'Abd al-Mu'ti 'Abd Rabo, father of nine
Last Sunday [4 January], at 1:30 P.M., the Israeli army came to our area. Soldiers forced us to leave our houses. About 1,000 people from the neighborhood were in the street. The only families that the soldiers let stay in their houses were the ones with sick people. They lined us up. We were very frightened, and the children were crying. Planes were flying in the air, bombing places nearby.
The soldiers sorted us into two groups. Small children and adults aged 40 or 50 and over on one side, and young people on the other side. From the group of young people, the army chose about 40 persons, among them my sons Rami, 21, and Sa'ad, 18, and seven nephews of mine. The soldiers ordered them to undress, and they searched them.
About two hours later, the soldiers walked us toward the city of Jabalya. They told us not to look to the sides and said they would shoot anybody who looked back. We did as they told us. The group of 40 young men remained behind, including my two sons.
We left everything behind. I didn't take anything. Even women with babies didn't take food or clothing. Our group included people who were sick, small children, and disabled persons. We helped each other. It was a long distance to walk, three kilometers. On the way, we saw the destruction that the Israeli army had caused. In the end, they put us in schools in Jabalya. Whoever had relatives in the city went to them.
My family and I went to my cousin's house. It has two floors, with three rooms and a bathroom on each floor. Usually, 12 people live in the house. Including us, there were about 100 people: the regular occupants and many other people whom the army had forced from their homes, like us.
My two sons were released the next day, and they came to where we were staying. They told us that soldiers had made them, at gun point, open doors and enter houses to search for Hamas members.
Three families of my relatives stayed home in ‘Izbat ‘Abd Rabo. My brother, Muhammad ‘Abdallah ‘Abd Rabo, 65, his wife, his daughter-in-law, and her seven children; my cousin, Muhammad Mustafa ‘Abd Rabo, 60, and his family of eleven; and my brother Zaki, 54, and his three children. One of his children, who is 17, is disabled. These families remained at home because they had members who were sick, or disabled, or small children, who couldn't go by foot. We still don't know what happened to everybody who remained.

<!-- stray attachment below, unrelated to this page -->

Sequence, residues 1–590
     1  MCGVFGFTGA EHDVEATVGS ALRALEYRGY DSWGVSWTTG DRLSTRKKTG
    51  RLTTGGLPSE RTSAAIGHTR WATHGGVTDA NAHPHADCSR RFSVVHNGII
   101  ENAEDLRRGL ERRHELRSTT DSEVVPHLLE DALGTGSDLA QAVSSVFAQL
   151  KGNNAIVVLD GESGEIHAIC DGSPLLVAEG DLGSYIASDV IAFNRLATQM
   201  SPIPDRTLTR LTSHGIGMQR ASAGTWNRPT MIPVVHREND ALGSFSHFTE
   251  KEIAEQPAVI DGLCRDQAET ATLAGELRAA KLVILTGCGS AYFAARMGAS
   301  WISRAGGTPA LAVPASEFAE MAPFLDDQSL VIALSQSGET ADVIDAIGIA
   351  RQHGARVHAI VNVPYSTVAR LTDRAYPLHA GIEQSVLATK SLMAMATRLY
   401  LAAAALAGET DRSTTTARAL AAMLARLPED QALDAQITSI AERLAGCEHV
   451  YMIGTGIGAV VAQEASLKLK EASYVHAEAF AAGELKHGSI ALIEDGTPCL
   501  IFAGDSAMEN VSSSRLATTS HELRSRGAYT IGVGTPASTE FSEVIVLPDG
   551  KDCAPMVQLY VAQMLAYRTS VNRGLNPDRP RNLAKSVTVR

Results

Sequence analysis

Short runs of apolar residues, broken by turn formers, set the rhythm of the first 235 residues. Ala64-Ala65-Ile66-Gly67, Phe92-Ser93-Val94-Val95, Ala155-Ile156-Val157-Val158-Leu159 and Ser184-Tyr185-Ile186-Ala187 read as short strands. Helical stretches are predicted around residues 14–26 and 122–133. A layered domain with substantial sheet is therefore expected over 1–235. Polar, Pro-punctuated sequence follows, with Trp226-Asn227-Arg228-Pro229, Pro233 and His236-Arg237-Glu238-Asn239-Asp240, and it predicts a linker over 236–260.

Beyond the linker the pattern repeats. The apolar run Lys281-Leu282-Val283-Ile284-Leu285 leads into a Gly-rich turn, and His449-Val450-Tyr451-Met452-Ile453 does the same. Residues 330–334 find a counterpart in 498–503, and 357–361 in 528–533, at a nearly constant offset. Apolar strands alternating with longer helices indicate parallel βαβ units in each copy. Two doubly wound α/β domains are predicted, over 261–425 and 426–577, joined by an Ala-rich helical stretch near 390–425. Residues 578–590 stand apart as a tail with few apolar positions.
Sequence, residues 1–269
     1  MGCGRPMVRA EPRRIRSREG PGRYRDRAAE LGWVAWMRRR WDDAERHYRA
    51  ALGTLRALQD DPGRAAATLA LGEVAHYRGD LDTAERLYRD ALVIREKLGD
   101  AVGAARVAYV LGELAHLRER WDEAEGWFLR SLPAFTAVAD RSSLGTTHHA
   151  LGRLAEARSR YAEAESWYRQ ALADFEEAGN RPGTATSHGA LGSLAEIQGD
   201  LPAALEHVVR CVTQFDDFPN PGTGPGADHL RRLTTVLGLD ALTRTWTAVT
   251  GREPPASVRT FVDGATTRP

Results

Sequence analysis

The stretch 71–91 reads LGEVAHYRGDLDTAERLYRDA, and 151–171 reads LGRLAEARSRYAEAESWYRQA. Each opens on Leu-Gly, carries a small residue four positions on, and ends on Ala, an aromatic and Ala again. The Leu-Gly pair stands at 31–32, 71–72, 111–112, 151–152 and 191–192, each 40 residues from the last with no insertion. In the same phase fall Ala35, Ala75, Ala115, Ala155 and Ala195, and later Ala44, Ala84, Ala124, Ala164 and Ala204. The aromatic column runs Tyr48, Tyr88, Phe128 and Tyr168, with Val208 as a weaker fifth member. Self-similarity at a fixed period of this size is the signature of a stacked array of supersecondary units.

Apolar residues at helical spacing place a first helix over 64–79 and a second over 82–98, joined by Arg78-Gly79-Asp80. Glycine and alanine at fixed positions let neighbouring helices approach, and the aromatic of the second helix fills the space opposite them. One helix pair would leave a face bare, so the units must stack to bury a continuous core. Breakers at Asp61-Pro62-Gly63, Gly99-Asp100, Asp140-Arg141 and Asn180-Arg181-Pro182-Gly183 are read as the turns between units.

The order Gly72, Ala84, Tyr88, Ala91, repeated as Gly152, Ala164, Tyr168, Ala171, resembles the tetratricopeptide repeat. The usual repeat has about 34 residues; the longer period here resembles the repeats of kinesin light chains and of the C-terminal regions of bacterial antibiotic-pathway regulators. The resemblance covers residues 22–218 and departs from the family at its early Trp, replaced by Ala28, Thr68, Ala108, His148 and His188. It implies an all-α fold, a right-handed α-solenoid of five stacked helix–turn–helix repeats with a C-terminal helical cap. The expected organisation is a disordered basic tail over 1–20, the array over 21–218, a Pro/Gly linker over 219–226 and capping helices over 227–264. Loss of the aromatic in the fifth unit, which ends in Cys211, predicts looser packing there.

My niece, Wajdan Muhammad Mustafa ‘Abd Rabo, 28, told me that she only managed to leave her house on Saturday [9 January]. She said she waved a white flag and walked out into the street, in front of the army. There are lots of army snipers and they fire at anything that moves. She asked them to let her go and get milk for her baby daughter. One of the soldiers took pity on her and let her go with her daughter. She joined us and told us that the army had bombed and burned houses.
Every day, more people from ‘Izbat ‘Abd Rabo join us. They've told us that the army is forcing all the residents to get out. People are still coming to us from neighborhoods there, from al-Mahkameh Street, from al-‘Atatrah, and from a-Salatin. There wasn't room for everyone in this house, so some people are looking for relatives. Others are looking for schools. It's like living in a can of sardines.
One of the people who came yesterday [10.1.09] was ‘Akram ‘Ayyash ‘Abd Rabbo, 40. He told us that the army gradually released most of the people. He was among the last that the army forced to remain, together with three other young men, Hamed Faraj ‘Abd Rabo, 28, Rami Mesbah ‘Abd Rabo, 28, and Raji Mesbah ‘Abd Rabo, 23. They were still being held when he was released. He told us that their hands were cuffed all the time and that they weren't given anything to eat or drink. There was bombing and exchanges of gunfire very close by, and it was extremely dangerous.
The house we are in is very crowded, and the situation here is horrible. It's like an army camp. We are religious, so the men and women live separately. There are about 60 men and 40 women. The men and women don't see other much, and small children pass notes between them. The men sleep in the storage room, on the stairs, in the living room, all over. There aren't enough blankets for everyone, and four or five people share a blanket. Those who don't have a blanket cover themselves with any other material available. Lots of us are unable to sleep. We can hardly even doze off because of all the bombing and the planes.
We have nothing to eat. There's hardly any flour. Each morning, every man gets a ration of bread or potatoes, which has to last the whole day. Small children and pregnant women receive more food. There isn't any milk for babies or medicine for the ill. To cook, we have to burn wood, or cloth, or nylons.
It's too dangerous to leave the house. The bombing is going on all the time. I heard that the army said it stops operations three hours every day, but we don't feel it. Anyway, there's no food in the market. They say Gaza has been supplied with food and aid, but we haven't gotten anything, we barely even get water. Since the land incursion began, I haven't showered, or even washed my face for prayers. The army bombed the water tanks and we can hardly get bottles of water.
I called UNWRA, the International Red Cross, and the Red Crescent. I asked them to bring us food and bedding, but we got nothing. The situation is deteriorating. Soon we won't have any food. The water we have won't last more than two or three days. If the situation continues as it is, small children might die from dehydration due to lack of water and milk. They are hungry all the time, and they are already very thin.
'Abd al-Mu'ti 'Abd Rabo, 54, married with nine children, is a resident of 'Izbat 'Abd Rabo, east of Gaza City. His testimony was given to Iyad Haddad by telephone on 11 Jan. '09.